I’ve waited for you like the crabapple tree

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When we moved into our house it was flagged with a massive presence looming in the front yard and spreading through the cracks in our blinds. A crabapple tree, barren but promising, greeted us each time we pulled into the driveway.  We missed its bloom but I’d seen it in pictures and it drew me to the house in the first place. A brilliant wash of pink consumed the yard and comforted me that there was life to be celebrated in this home. Inside the house was lovely, except an extra room that seemed to taunt me with unfulfilled promises, but outside the house was the crabapple tree, and that’s when I started believing in magic again.

I’ve waited for you to arrive in the same way I’ve waited to see those tiny coral buds peek out from behind a layer of green.

At times I practiced patience. I made myself breathe when I wanted to fume. I muttered mottos about due time and things that come to those who wait. I sculpted my body into the shape of a tree while surrounded by a room of uncomfortable pregnant women doing the same thing. I’ve waited in the only way I know how, by just surviving until I get there– or until you get here. 

Other times I’ve worried. On a walk the other day I pointed to another crabapple tree and asked your dad why theirs was blooming when ours isn’t. In this fashion I’ve also waited, with bated breath, ready to be stripped of something before it even arrives.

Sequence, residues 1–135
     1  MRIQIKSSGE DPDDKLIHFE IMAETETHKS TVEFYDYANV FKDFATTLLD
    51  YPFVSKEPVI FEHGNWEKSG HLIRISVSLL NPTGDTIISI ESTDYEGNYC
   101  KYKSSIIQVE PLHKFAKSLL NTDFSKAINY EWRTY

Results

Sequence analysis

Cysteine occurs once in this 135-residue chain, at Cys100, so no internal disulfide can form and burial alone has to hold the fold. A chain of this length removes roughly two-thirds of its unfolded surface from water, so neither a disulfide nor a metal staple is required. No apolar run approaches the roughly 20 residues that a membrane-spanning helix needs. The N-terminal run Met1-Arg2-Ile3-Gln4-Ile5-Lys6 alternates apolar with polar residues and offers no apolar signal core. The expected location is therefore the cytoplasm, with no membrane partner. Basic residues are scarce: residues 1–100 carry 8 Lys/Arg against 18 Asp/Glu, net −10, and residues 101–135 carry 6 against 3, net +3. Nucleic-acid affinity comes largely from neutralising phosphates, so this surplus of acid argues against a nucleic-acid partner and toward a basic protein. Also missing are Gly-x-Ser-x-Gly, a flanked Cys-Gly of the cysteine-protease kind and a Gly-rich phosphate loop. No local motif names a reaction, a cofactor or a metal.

Your dad has waited for you in his own way, building garden beds out of old wood and trusting that someday vegetables will spring from what was once just a corner of our untidy yard. He offers gestures of kindness to overshadow his impatience and he doesn’t waiver when I point out the wood he is using is infested with termites. He is not any better or worse than I am at waiting, he just approaches it in another way, with another type of life. 

Your sisters have waited for you first silently–scared to tell anyone they knew of your presence– and now quite vocally, demanding that if you don’t arrive soon they must have a bunny to cuddle with. One of them folds and counts your clothes meticulously, the other one just worries about accidentally dropping you someday. They both have a lot to learn about waiting but they’ve almost made it through their first serving of worthiness.

Yesterday the crabapple tree bloomed. I cried with relief and thought how it will be viewable every spring from that extra room I couldn’t stand for so many months. Your room. Viewable by you.

I’ll continue to try to practice patience. I’ll continue to believe that magic lives inside and outside our house. I’ll continue to marvel at the ways we all wait for you until the day you finally arrive.

I’ll continue to cry when I glimpse those pink blossoms knowing soon you’ll witness it for yourself.  In our home, where we’ll celebrate your life every day.

I’ve waited for you like the crabapple tree and I’ll keep waiting until you both are here.

 

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